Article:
DescriptionPaper title: Constructing and Gendering Superheroes' Playful Identities in Disney’s Big Hero 6
Introduction: From the original X-Men in 2000, which generated several sequels and prequels, to Ant-Man, which was released this July, the past fifteen years have been marked by a significant rise in superhero narratives. Following the acquisition of Marvel Studios in December 2009, Disney released its own take on the genre in 2014, with its very first animated superhero film based on Marvel comic-book characters: Big Hero 6. With excellent box office results and an Oscar for Best Animated Feature, it has become a popular and critical success. This paper will explore the way this Disney animated feature fits within the superhero genre and contemporary trends in comic-book films by focusing on its gender constructions. Indeed, with its multiracial cast including two superheroines, some reviewers welcomed the presence of “strong female characters” who “are not oversexualized”. These comments reveal some recurring tropes regarding the depiction of super femininity – and by contrast super masculinity – in live-action superhero films, including the generic imperatives of “sex appeal” on one hand, and excessive muscularity on the other. My research question will be the following: to what extent does Big Hero 6 – a Disney/Marvel animated feature – provide some challenging alternatives to mainstream gendered constructions of live-action superheroes? Building on Lisa Purse’s concept of “playful knowingness” and Tasker’s observations on contemporary postfeminist constructions of femininity, I will analyse the way the film text reworks and adapts contemporary superhero tropes, and how this impacts on its gender constructions. This paper will start with a brief overview of earlier animated superhero films in order to contextualize Big Hero 6. Then, part 2 will focus on the characterization of the teen male superhero through the figure of Hiro. I will pay attention to the superheroines’ portrayal in part 3, before concluding with the robot Baymax, whose depiction seems particularly interesting in the light of superheroes’ gendered identities.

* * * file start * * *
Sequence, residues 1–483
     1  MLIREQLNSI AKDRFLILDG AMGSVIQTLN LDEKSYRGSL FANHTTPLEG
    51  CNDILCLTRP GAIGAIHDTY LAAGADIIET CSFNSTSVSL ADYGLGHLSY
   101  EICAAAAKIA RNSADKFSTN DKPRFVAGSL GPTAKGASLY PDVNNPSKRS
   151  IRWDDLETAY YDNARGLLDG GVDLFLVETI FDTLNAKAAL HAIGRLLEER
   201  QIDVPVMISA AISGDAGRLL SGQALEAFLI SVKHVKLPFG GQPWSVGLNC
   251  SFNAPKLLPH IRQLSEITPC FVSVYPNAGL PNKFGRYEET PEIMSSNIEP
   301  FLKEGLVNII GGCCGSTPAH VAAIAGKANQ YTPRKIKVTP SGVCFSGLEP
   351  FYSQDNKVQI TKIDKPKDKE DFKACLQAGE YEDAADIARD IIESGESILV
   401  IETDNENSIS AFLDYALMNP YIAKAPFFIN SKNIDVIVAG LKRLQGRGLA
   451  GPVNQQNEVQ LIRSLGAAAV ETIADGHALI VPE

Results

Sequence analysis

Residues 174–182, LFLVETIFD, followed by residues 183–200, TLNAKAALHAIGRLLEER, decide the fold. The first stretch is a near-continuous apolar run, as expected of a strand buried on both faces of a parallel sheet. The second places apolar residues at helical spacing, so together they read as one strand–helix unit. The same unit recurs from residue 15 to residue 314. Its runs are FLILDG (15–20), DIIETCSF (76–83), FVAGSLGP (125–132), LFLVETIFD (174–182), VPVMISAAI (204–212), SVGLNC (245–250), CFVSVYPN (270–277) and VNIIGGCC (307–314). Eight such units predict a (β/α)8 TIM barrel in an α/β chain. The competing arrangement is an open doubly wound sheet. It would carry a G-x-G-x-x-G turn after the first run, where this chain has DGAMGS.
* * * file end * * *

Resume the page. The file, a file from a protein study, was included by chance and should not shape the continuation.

|Period||3 Sep 2015 → 5 Sep 2015|